Sun, Apr 1, 2018
I’ve set my mind to learning how to… read? experience? integrate?… poetry. Unlike most everything I’ve learned to date, there’s not a technique here that can be mastered and applied correctly or incorrectly. That much I know–though there are those who, I suppose, would claim otherwise–but finding a more positivie statement of my endeavor is difficult. Jonathan Culler’s Theory of the Lyric and several books by Helen Vendler have been of particular help. I had once relied on Harold Bloom for such understanding, but his endless ranking and hyperbole in the absence of any practical guidance on what one might do with a poem (as opposed to what one might do with what one has won from a poem) put me off.
I’ve been working my way through the complete poems of the recently deceased Ashbery and Ammons, finding guidance where I can. Their approximate contemporaneity, along with the lack of expected comprehension of an Ashbery poem from the start, have helped. You read and you do what you want with what you’ve read. These are the products of minds not greatly separated from my own in time, place, or inclinations. But as with any literature, they’re constantly referring back to a corpus of poetry, which is much more distant from my mind than it is from theirs. I know that Wallace Stevens is an immediate forebear to both, but I’m not ready for him yet. Further back are Whitman, who I have read (though, in some sense, as prose) and Dickinson. There, Helen Vendler’s Dickinson, her exegesis of about 150 of Dickinson’s poems, has been very helpful.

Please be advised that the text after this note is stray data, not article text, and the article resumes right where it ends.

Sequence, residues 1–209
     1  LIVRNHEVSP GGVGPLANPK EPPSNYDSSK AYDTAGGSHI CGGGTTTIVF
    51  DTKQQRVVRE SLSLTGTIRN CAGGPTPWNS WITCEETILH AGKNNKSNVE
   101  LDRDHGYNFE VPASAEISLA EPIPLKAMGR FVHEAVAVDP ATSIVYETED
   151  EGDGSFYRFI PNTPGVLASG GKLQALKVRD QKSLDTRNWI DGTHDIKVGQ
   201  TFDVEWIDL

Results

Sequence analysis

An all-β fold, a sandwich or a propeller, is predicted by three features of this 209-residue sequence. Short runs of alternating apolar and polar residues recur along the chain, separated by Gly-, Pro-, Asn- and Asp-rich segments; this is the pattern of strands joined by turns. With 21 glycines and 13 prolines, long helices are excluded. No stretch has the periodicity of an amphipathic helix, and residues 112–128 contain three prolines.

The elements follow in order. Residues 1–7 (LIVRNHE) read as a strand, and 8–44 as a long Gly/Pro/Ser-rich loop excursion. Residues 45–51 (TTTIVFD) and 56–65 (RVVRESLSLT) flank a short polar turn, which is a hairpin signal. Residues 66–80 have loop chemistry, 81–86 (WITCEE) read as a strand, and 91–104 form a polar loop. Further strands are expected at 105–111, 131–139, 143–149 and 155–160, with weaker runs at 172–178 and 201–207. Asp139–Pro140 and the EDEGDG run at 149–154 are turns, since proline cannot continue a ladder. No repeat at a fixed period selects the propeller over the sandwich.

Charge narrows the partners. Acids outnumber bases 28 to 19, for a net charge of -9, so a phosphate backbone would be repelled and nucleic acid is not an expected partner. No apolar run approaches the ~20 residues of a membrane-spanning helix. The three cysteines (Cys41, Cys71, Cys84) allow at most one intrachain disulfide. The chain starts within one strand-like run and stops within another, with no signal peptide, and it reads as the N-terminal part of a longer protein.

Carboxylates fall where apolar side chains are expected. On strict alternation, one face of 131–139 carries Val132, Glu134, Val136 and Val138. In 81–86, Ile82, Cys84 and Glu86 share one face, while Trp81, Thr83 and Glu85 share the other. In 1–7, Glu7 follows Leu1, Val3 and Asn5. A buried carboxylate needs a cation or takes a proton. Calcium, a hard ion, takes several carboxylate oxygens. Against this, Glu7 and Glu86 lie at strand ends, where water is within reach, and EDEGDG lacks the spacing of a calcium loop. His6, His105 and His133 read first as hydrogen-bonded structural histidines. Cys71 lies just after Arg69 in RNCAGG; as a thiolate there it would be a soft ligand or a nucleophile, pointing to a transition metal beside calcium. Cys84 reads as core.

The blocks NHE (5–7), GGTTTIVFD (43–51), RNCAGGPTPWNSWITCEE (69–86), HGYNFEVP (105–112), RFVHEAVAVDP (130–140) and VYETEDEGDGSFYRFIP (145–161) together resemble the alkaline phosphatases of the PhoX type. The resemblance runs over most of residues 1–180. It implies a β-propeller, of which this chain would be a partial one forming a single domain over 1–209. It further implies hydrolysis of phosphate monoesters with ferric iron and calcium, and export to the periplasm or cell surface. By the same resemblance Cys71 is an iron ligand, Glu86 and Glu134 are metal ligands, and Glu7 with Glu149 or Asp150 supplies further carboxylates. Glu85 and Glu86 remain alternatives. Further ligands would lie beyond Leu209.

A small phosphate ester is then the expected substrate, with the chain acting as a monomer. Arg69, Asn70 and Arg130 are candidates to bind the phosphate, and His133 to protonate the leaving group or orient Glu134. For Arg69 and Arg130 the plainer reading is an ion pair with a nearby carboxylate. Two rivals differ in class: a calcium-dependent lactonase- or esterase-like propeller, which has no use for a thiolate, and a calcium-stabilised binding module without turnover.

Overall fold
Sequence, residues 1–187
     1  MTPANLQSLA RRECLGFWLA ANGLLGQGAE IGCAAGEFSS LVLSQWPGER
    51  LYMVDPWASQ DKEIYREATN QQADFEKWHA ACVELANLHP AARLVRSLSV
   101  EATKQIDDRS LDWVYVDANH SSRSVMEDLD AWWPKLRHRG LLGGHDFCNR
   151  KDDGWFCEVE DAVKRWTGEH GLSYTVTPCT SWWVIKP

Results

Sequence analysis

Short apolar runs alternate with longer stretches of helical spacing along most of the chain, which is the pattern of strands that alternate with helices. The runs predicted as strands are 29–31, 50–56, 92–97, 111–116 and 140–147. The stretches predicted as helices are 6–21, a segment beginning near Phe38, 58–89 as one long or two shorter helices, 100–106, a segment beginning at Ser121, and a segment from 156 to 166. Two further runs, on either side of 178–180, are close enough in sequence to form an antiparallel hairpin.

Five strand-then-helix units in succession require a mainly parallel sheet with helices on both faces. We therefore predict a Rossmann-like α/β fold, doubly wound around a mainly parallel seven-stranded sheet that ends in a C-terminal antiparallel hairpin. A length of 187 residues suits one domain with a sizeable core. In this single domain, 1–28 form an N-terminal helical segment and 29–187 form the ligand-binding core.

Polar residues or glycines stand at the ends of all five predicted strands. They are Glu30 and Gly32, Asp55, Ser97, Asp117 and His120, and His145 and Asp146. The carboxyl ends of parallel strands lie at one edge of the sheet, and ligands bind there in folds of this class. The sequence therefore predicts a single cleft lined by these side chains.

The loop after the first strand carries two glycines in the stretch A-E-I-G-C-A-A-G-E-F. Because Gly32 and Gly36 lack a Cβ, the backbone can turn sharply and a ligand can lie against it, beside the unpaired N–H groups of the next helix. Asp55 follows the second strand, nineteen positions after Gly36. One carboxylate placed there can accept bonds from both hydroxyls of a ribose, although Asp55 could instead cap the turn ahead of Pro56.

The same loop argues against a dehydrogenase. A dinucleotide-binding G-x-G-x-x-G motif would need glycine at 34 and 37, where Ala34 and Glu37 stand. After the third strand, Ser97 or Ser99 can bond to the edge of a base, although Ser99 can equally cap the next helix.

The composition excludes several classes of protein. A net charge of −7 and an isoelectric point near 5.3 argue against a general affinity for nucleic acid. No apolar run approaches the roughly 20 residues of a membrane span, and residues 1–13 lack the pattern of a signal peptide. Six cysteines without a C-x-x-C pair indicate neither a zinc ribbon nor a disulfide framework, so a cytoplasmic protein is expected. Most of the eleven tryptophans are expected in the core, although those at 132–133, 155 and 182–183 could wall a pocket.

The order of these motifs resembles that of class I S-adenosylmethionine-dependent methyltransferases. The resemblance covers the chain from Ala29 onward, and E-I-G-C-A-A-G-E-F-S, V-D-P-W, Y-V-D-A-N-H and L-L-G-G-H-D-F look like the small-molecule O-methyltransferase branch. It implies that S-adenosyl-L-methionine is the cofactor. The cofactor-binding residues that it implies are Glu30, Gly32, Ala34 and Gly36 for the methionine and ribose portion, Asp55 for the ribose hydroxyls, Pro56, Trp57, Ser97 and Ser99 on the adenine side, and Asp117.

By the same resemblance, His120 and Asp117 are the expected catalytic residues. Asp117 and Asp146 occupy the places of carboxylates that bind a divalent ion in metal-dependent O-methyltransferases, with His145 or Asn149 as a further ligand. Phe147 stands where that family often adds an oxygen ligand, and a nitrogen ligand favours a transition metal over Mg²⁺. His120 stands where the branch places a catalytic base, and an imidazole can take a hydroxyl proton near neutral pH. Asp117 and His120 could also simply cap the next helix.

Yet there, I also find myself struggling with my greater distance from the knowledge with which Vendler is so clearly intimate. Much of that knowledge is contextual–I don’t know nearly as much about how Dickinson lived her life, what she read, what those around her read, or what was taken as given in her place and time. But even granting Vendler her vastly greater insight, I find some of her readings perverse in view of what actually appears on the page. I suspect some of this is the result of too great an allegiance to the more speculative, but still widely-held truisms regarding Dickinson’s life. It might just be the fourteen-year-old boy in me, but it really seems like so much of her poetry touches upon sex, with both men and women, told slant (and sometimes, not so slant at all). I understand that writers often express more than they write, consciously or not, but I think it’s still worth starting with what appears on the page.
Allow me to offer what I think is a straight-forward, if not terribly sexy, example. This is regarding the start of the second stanza of poem Number 252 (“I can wade Grief –”):
Power is only Pain –
Stranded – thro’ Discipline,
Till weights – will hang –
Quite an image of strength drawn, or extruded, from depression through will. And that, I’m certain, is the meaning of “Stranded” here. It isn’t trapped–it’s pain that has been pulled through discipline into strands from which the weights of life can hang. Here, on the other hand, is Vendler’s take on the word “Stranded” here:
…What can Dickinson be thinking of when she speaks of her Pain as “Stranded”? Grief has stranded her feet in Pools, lesser bodies of water, which, having no current, can never reach the sea, the normal goal of land water…